Illustration by Ed Supovitz

Jewish Heroes and Heroines

of America:

Colonial Times to 1900


Rachel “Ray” Frank: “Girl Rabbi of the Golden West”

by Seymour “Sy” Brody

Rachel “Ray” Frank was the first Jewish woman in America to preach formally from a pulpit on Yom Kippur in 1890. She delivered sermons for the High Holy Days in Spokane, Washington.

She was dubbed the “ Girl Rabbi of the Golden West,” even though she never claimed to be a Rabbi.

Rachel “Ray “ Frank was the daughter of Leah and Bernard Frank and was born on April 10, 1861, in San Francisco. Her parents were Orthodox Jews, who were liberal in their views. Her father was a peddler and an Indian agent, who claimed to be a descendant from the eight century Jewish sage, Vilna Gaon.

She graduated Sacramento High School in 1879. She moved to Ruby Hill, Nevada, where she began to teach in public school. There were very few Jews living there. Her sister, Rosa, lived in nearby Eureka, where they had over 100 Jewish inhabitants.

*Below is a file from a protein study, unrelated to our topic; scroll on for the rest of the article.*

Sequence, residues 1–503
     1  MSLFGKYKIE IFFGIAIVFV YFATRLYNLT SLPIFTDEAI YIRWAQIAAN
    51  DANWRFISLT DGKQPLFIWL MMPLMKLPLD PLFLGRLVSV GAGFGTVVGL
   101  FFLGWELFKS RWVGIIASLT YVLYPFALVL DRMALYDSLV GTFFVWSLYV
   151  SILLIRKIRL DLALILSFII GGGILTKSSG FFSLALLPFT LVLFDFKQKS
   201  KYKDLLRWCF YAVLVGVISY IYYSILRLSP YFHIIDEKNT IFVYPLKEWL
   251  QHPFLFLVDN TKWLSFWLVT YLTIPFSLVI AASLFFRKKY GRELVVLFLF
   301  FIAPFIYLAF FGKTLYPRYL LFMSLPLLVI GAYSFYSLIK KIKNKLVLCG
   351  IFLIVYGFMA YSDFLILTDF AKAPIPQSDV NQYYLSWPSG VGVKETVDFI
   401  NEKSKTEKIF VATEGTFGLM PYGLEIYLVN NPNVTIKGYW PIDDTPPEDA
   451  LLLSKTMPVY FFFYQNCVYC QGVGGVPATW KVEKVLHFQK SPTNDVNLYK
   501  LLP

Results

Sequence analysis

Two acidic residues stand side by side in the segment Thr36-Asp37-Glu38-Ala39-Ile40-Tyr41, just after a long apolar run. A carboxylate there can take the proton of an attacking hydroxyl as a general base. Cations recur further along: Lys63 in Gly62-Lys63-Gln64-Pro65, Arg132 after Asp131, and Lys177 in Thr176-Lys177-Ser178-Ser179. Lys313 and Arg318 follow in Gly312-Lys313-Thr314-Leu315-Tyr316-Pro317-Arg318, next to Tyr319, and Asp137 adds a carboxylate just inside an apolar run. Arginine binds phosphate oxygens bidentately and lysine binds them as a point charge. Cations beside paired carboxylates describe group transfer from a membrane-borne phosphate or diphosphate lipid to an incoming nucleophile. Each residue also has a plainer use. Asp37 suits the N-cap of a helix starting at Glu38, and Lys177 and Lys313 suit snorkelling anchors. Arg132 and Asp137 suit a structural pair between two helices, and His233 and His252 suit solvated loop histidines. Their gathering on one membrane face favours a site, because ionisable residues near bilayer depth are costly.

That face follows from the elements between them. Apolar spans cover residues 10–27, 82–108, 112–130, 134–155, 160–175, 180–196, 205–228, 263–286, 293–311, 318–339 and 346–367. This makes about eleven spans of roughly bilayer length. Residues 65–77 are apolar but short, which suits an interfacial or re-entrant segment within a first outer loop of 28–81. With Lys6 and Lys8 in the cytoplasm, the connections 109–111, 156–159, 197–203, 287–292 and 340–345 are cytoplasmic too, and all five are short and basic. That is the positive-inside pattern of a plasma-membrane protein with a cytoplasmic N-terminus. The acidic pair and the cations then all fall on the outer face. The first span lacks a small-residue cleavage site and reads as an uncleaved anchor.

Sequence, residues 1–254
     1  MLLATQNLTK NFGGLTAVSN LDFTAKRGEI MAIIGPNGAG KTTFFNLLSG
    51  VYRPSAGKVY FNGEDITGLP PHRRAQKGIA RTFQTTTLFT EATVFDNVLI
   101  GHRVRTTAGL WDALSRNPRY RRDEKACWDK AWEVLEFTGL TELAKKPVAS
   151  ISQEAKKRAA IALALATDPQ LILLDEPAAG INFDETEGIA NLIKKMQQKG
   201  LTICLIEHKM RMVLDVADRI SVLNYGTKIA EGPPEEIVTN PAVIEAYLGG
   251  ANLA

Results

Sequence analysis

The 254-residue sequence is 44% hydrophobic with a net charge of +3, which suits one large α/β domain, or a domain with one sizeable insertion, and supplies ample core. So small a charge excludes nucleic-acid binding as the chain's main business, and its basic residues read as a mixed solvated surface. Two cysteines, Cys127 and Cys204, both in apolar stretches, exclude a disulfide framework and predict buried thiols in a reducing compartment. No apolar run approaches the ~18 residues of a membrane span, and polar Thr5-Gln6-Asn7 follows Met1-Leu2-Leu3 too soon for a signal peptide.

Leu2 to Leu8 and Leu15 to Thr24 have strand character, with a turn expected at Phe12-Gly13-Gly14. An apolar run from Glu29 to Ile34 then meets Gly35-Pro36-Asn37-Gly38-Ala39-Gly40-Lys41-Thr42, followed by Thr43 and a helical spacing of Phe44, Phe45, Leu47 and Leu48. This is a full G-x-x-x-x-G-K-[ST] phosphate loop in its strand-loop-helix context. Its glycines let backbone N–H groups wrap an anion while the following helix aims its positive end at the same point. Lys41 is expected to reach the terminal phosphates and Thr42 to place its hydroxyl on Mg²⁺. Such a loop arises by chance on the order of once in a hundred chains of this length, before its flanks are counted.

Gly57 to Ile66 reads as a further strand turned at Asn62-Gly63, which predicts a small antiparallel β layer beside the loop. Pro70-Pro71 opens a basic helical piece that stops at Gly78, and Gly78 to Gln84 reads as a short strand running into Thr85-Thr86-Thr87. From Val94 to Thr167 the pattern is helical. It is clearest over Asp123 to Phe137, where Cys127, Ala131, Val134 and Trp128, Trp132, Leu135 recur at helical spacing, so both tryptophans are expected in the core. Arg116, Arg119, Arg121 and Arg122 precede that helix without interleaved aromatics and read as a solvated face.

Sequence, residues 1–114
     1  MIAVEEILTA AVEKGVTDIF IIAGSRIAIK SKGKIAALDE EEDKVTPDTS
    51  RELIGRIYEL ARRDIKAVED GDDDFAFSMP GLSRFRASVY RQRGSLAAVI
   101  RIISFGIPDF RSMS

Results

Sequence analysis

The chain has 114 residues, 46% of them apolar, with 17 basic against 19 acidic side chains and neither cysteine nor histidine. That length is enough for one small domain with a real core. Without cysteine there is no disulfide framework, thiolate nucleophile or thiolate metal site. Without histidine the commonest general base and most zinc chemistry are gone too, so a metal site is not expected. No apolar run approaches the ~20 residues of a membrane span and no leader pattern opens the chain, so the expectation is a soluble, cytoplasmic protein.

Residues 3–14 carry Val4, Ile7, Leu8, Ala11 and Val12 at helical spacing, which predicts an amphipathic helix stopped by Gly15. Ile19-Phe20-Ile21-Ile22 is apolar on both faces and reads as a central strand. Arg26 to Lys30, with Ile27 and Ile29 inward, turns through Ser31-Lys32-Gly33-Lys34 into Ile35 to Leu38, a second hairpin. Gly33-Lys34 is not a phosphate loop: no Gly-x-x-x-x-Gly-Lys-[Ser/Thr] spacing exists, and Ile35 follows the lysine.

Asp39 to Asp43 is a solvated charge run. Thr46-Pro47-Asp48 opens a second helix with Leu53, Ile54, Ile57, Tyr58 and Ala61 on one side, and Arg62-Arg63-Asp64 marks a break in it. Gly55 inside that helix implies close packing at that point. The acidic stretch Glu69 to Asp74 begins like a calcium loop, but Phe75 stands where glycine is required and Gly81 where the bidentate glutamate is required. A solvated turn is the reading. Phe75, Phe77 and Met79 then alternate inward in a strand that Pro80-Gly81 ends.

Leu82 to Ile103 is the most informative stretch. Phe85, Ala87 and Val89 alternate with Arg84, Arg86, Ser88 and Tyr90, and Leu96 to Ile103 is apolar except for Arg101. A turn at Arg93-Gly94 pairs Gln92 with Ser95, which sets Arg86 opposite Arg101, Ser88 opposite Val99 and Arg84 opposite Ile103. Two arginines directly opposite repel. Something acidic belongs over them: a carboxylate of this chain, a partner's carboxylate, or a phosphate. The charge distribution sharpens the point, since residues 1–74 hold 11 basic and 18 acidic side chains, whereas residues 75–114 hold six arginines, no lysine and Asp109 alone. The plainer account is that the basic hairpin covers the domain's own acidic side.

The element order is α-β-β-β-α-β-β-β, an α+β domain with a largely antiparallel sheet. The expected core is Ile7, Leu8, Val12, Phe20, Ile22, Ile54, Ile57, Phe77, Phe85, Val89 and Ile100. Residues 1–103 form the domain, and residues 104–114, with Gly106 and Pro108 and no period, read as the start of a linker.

She taught here for six years and then moved back to her family in Oakland, California. She took some courses in philosophy at the University of California-Berkeley and started teaching at the Sabbath School of Oakland’s First Hebrew Congregation.

When the Rabbi and the principal resigned, she was appointed as the new principal.

She became a correspondent for several newspapers in the San Francisco area. In 1900, she was sent to visit several booming towns in the Northwest area. In one of these towns, she was asked by the Jewish community to be their “lady preacher.”

She started delivering sermons to many Jewish congregations, groups and organizations on the Pacific Coast. She raised many questions about the women’s traditional role in the Jewish community and for the unity of the Orthodox and Reform groups. Rachel Frank was compared to the “Latter-day Deborah of the Bible.”

When the Jewish Women’s Congress was organized in 1893, in Chicago, Illinois, Rachel Frank was asked to be their spiritual leader. She delivered the opening and closing benedictions. She also spoke in favor of women’s emancipation.

Rachel Frank and Samuel Litman were married in 1901. He worked as a translator. Later, he took a position at the University of California and Berkeley in teaching marketing and merchandising.

Rachel “Ray” Frank Litman died on October 10, 1948. She left a legacy of bringing people together and creating an enthusiasm for Judaism. She will always be remembered as the “Girl Rabbi of the Golden West” and being the first Jewish woman to deliver a sermon from the pullpit.


A link for a curriculm guide for Rachel "Ray" Frank


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